(Comprehensive Guide to Short Stories, Critical Edition)

After a night of solitary, heavy drinking, the protagonist, J. D. Hindle, wakes up on the couch in the living room of his house in a subdivision called Rolling Hills Homes. He has trouble getting his bearings. There are two glasses next to the empty bottle of Jack Daniel’s on the coffee table, but J. D. remembers being alone. He seems to have fallen asleep reading True magazine. The voices of a man and woman on television, actors in a situation comedy, at first seem to be talking to him. The sunlight coming through the window hurts his eyes, and J. D. pulls the drapes to darken the room. The doorbell is ringing, and it takes him a few moments to remember that it is Labor Day and that his wife, Carolyn, and children, Ronnie and Ellen, are away in Florida. When he answers the door, he finds a delivery man from a florist with a basket of roses and a printed card that reads, “My deepest sympathy.”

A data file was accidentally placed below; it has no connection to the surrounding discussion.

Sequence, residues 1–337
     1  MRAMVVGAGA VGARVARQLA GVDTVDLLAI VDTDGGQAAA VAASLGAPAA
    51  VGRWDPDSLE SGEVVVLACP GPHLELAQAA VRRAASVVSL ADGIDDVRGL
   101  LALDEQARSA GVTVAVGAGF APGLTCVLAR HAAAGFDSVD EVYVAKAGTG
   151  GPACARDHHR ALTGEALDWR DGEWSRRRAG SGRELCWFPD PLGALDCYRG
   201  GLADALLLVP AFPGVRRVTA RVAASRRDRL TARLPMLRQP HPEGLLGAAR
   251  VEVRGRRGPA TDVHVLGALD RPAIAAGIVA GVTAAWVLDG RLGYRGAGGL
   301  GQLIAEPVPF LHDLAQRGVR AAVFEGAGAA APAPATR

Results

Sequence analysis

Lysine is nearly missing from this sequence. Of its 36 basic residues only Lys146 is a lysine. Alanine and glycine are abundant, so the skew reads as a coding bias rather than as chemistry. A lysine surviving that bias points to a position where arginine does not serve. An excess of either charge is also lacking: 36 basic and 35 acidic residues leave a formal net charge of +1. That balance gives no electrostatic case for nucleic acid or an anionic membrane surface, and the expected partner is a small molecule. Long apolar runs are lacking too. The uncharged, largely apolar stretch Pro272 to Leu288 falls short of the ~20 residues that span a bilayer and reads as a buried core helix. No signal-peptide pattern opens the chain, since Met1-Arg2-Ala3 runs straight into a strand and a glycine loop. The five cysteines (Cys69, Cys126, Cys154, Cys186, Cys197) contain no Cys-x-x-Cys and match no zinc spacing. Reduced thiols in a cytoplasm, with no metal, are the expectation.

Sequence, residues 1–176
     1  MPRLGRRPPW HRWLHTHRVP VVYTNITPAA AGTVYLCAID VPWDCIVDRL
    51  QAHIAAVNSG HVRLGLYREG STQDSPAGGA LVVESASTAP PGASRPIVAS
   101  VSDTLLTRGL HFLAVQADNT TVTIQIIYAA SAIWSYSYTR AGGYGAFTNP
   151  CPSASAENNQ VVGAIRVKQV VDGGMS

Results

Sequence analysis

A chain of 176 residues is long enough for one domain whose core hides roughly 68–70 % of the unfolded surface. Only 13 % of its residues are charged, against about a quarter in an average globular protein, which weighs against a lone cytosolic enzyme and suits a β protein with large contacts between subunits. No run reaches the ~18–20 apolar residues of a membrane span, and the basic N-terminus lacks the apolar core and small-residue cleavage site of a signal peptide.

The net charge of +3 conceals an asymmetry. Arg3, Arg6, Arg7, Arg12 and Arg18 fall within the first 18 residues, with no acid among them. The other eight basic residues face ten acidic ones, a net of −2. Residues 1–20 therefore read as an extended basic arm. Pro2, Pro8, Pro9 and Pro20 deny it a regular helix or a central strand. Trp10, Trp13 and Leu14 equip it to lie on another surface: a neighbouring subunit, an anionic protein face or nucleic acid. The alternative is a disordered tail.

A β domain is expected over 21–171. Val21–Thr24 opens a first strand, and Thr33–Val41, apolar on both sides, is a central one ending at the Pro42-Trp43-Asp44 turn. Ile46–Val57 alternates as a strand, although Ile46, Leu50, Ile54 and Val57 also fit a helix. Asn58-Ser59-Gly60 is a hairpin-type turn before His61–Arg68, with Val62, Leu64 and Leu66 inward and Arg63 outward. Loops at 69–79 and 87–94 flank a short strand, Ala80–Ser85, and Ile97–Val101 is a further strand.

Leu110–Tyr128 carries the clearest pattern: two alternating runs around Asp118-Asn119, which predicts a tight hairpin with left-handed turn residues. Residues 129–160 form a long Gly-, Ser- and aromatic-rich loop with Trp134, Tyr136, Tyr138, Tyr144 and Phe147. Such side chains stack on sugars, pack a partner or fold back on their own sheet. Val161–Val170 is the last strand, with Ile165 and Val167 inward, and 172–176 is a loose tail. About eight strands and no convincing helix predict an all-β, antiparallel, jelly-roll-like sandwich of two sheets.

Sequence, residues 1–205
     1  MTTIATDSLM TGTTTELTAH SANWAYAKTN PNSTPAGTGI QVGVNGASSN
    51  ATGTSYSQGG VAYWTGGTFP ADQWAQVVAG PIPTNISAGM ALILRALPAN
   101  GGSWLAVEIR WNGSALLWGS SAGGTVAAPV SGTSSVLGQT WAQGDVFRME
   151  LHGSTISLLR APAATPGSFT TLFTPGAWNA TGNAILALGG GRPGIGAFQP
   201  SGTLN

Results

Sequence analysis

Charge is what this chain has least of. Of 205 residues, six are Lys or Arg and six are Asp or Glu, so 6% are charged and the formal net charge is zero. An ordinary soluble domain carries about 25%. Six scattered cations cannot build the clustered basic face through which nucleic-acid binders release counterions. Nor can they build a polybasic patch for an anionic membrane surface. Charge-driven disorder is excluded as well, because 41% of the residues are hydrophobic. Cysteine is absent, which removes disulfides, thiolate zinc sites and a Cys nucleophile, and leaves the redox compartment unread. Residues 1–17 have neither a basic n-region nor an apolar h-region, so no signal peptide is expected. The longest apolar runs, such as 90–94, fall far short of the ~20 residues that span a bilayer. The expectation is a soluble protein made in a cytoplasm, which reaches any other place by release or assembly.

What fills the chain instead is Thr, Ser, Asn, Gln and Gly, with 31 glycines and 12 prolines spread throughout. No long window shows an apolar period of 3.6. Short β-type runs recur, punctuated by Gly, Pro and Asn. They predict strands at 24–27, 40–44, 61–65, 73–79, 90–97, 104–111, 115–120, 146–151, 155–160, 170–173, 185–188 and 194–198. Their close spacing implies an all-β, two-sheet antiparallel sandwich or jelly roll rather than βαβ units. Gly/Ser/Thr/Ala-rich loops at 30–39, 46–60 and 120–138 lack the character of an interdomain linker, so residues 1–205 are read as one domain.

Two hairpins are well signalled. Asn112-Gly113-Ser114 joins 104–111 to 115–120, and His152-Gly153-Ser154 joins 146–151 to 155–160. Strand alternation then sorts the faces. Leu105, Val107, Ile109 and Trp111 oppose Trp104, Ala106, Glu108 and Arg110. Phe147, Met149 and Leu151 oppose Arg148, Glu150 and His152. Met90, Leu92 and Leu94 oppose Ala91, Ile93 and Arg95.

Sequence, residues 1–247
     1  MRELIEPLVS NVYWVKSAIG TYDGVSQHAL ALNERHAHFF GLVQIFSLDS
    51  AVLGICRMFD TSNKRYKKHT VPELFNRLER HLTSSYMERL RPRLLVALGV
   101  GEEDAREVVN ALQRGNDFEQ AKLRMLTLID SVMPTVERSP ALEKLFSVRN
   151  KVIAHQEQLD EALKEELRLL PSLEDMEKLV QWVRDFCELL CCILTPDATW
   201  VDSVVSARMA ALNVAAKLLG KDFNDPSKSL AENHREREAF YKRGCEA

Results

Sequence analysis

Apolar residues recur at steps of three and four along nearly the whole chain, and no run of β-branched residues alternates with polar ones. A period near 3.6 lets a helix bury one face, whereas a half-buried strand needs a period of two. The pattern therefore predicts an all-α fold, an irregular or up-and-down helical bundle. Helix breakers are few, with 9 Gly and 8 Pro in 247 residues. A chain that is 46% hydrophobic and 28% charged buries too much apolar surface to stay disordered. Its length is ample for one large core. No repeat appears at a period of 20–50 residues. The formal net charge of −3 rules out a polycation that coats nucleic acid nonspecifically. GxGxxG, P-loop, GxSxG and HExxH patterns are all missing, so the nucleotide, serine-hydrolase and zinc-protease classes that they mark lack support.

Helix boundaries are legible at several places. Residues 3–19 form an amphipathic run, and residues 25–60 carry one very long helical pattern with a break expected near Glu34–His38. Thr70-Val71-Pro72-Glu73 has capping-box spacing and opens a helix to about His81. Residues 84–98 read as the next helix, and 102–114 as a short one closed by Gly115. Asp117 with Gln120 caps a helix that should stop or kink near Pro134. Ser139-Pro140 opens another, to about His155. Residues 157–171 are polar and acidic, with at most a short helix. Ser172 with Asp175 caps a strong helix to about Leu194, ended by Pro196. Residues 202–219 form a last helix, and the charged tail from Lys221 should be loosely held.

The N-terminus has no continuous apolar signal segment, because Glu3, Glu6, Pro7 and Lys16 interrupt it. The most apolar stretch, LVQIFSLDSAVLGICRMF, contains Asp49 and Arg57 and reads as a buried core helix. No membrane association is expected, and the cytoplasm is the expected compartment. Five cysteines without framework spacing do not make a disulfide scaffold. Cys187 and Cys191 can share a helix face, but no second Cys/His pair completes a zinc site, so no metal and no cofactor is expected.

This opening situation is charged with implications that the unfolding of the story’s plot confirms. Although J. D. convinces the man from the florist’s shop, at least initially, that “there’s been no death in this family,” the deliveries of flowers continue. There are visits from neighbors and friends bearing food and expressing sympathy, for they have seen a newspaper account of the deaths of Carolyn Hindle and her children in Daytona Beach. Their deaths were caused by Hurricane Gloria. J. D. telephones the Breakers Hotel and Mr. Garrett, the local newspaper editor. A telegram sent from Florida that morning, obviously delayed by the weather, lets him cling to the belief that his wife and children are alive. He even accuses his friend Bill Henderson of engineering the whole affair as an elaborate practical joke.

J. D.’s unwillingness to accept the truth, implied by the details of the opening situation, arises from more than normal shock at the news of an accident. As the story develops, other details reveal that J. D.’s marriage was in trouble, and that this is the reason Carolyn took the children...

(The entire section is 833 words.)